“The subliminal message is if you’re gay, get out, for our benefit and for yours,” Greenberg says.

But often families unwilling to abandon their children are willing to accept a compromised level of halachic observance, just as they sometimes are in other areas of halacha.

Rabbi Elazar Muskin of Young Israel of Century City, says he, like most other rabbis, has counseled gay congregants and their families. He says he has listened with compassion, but makes clear that the halacha forbids homosexual sex. “They have to come to terms with the fact that not everything we want and desire is permitted,” Muskin says.

Using an argument often heard in Orthodox circles, Muskin says he treats homosexuals as he would treat anyone who is violating a mitzvah. Muskin would certainly not expect an observant Jew to proudly proclaim that she cheats on her tax returns or regularly eats cheeseburgers.

But Greenberg says the cheeseburger analogy just doesn’t work. “People can live deep, emotional, committed, loving, wonderful lives and not eat cheeseburgers,”he says, apparently having heard the argument one too many times. “But to tell a person that to be a member of this group you have to live a life without self-expression and love and commitment and intimacy and daily touching and caring and holding… that would be an unbearable burden for most people.”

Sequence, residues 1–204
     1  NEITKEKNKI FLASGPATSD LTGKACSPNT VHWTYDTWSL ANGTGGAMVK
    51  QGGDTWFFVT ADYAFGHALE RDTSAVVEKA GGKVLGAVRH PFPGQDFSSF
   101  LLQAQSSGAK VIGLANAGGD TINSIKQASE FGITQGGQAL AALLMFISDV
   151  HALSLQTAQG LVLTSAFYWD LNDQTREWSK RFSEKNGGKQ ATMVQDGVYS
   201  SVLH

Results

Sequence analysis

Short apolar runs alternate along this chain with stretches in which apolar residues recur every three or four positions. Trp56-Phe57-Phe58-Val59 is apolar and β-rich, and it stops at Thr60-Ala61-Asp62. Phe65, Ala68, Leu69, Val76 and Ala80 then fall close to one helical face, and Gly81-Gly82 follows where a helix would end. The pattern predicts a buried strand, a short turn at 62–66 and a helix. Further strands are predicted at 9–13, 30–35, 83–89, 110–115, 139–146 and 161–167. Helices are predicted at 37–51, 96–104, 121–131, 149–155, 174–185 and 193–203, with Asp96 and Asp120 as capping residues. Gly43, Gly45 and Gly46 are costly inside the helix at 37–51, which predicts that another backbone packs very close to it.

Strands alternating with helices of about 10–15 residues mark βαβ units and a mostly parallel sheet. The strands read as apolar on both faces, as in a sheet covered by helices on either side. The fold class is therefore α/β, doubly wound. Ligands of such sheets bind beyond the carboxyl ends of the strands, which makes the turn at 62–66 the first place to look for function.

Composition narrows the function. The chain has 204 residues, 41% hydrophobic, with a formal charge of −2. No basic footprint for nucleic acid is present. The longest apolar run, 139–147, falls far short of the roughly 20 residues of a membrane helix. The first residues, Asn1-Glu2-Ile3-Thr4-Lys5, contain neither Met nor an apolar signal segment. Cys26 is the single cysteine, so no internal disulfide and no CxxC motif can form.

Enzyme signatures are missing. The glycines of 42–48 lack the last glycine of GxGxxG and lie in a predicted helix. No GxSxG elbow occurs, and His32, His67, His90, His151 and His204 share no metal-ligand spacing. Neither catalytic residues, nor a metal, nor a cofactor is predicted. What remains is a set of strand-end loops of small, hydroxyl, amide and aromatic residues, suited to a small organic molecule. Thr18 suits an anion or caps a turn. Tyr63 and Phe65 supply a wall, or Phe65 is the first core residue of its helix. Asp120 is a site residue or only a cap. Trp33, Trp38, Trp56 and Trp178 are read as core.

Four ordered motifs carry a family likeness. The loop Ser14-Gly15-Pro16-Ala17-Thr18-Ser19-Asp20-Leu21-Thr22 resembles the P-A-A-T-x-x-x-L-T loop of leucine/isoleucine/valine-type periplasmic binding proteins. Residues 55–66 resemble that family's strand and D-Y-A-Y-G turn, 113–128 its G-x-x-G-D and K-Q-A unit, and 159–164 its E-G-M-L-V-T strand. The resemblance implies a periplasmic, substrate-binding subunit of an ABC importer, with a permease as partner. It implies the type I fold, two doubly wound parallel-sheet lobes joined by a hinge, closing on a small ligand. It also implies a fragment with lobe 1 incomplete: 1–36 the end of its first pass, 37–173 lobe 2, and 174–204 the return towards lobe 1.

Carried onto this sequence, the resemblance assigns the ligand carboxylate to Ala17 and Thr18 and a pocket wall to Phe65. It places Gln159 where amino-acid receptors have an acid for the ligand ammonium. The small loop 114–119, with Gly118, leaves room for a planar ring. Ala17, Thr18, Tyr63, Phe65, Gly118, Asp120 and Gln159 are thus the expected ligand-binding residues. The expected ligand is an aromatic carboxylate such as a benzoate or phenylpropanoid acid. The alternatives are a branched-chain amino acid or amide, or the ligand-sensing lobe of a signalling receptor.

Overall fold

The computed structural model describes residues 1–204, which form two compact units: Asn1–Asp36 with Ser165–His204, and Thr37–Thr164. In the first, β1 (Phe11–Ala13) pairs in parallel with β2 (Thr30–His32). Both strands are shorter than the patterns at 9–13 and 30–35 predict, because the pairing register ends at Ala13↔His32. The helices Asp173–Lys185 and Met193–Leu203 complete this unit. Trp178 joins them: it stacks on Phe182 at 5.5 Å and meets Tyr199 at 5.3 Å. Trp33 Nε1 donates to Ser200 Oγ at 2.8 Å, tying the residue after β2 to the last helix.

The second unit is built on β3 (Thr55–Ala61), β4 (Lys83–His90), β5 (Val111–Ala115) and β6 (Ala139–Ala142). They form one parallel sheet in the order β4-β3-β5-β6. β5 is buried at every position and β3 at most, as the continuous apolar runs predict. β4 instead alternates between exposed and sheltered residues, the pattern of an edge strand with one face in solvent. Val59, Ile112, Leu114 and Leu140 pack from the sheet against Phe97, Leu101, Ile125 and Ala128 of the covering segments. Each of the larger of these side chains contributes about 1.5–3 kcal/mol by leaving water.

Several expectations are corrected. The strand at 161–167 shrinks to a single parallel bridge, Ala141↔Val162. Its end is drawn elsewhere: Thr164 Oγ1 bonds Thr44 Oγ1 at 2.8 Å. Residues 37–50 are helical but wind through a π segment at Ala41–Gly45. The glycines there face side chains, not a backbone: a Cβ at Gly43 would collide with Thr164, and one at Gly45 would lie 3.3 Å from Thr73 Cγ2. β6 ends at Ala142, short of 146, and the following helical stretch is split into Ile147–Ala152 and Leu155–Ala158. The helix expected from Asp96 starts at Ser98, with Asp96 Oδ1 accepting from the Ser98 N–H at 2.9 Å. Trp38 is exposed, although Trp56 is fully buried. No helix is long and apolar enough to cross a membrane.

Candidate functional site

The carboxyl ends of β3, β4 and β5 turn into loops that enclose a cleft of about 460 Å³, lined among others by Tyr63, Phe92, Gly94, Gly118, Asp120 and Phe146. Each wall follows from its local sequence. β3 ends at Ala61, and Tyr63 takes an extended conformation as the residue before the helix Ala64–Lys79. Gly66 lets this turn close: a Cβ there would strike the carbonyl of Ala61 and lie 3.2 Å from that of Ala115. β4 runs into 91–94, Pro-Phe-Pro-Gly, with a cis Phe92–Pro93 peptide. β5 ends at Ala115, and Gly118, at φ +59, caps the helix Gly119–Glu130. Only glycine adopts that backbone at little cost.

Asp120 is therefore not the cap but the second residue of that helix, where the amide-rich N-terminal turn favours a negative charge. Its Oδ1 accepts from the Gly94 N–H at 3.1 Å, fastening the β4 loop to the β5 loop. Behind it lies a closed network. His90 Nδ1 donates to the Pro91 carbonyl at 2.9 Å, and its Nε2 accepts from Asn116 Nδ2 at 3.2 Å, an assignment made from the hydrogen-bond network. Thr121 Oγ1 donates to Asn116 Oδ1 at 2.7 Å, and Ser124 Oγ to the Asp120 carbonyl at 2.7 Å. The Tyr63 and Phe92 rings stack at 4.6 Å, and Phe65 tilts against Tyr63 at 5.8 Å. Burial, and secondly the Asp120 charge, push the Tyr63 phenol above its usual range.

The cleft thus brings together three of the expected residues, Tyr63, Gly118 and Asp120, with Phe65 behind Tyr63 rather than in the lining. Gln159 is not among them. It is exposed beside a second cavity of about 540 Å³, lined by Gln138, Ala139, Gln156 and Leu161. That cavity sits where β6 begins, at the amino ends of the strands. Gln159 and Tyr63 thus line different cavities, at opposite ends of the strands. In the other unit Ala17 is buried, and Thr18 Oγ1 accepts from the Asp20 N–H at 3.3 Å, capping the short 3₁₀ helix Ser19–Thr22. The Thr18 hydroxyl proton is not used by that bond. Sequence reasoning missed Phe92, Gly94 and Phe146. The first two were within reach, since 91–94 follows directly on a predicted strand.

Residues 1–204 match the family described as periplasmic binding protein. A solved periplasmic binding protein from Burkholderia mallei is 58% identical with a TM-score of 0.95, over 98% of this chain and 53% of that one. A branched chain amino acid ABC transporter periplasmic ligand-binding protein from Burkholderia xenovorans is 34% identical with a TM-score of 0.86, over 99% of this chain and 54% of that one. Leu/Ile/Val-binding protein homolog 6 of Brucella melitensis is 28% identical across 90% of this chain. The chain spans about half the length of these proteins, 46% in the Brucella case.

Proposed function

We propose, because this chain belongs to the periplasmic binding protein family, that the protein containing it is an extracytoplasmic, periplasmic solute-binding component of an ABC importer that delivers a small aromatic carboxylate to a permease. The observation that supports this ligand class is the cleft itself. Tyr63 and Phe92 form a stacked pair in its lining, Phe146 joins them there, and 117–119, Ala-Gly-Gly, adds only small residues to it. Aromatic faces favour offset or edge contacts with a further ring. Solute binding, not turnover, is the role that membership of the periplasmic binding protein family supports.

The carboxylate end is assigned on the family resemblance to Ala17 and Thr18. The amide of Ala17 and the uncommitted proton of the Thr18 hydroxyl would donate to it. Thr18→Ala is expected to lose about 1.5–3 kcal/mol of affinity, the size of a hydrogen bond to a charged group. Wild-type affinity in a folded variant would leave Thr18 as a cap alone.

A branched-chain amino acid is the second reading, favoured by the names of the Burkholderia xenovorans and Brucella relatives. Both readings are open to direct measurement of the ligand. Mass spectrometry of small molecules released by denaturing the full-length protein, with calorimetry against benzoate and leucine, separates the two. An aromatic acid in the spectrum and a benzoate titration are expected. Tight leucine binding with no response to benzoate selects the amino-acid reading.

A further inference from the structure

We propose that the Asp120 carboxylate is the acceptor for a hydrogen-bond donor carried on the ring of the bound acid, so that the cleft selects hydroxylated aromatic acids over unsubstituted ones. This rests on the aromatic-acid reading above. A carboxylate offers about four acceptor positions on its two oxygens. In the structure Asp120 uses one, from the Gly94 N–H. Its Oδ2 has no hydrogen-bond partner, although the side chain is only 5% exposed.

Torah’s Puzzling Attitude

Greenberg is a few months away from completing a book that, along with telling his personal story, explores what he believes is the Torah’s puzzling attitude towardhomosexuality. Greenberg asserts that there is more to the discussion than the surface meaning of the verse in Leviticus 18: “Do not lie with a man as one lies with a woman; it is an abomination.”

While Greenberg is reluctant to lay out the specifics of his arguments without the benefit of several hours of background building up to his conclusions, he says that he is “attempting to demonstrate this verse is more interesting and ambiguous than a simple, superficial reading would suggest. This is what rabbis do when they confront a verse: find anomalies in order to enrich its meaning.”

But, he says, rabbis will only be motivated to reinterpret the verse if the issues become personal, rather than abstract and foreign. “In this area I believe halacha is wrong, because its refusal to talk to people makes it fail to be authoritative. True halacha has to be open to listening to people,” he says. And he is willing to be the first to talk.

“The story of a gay rabbi is the story of a person who had incredible, powerful motivation, personal and religious, to fight his sexual identity to the end. And the story of a 20-year struggle against my heart and my final decision that it is futile, helps portray how difficult it is for gay and lesbian people and makes clear why this is truly a humanitarian, and I would even say a Jewish, imperative.”

For more information on Jerusalem Open House, go to or call Hagai El-Ad at (617) 247-8420.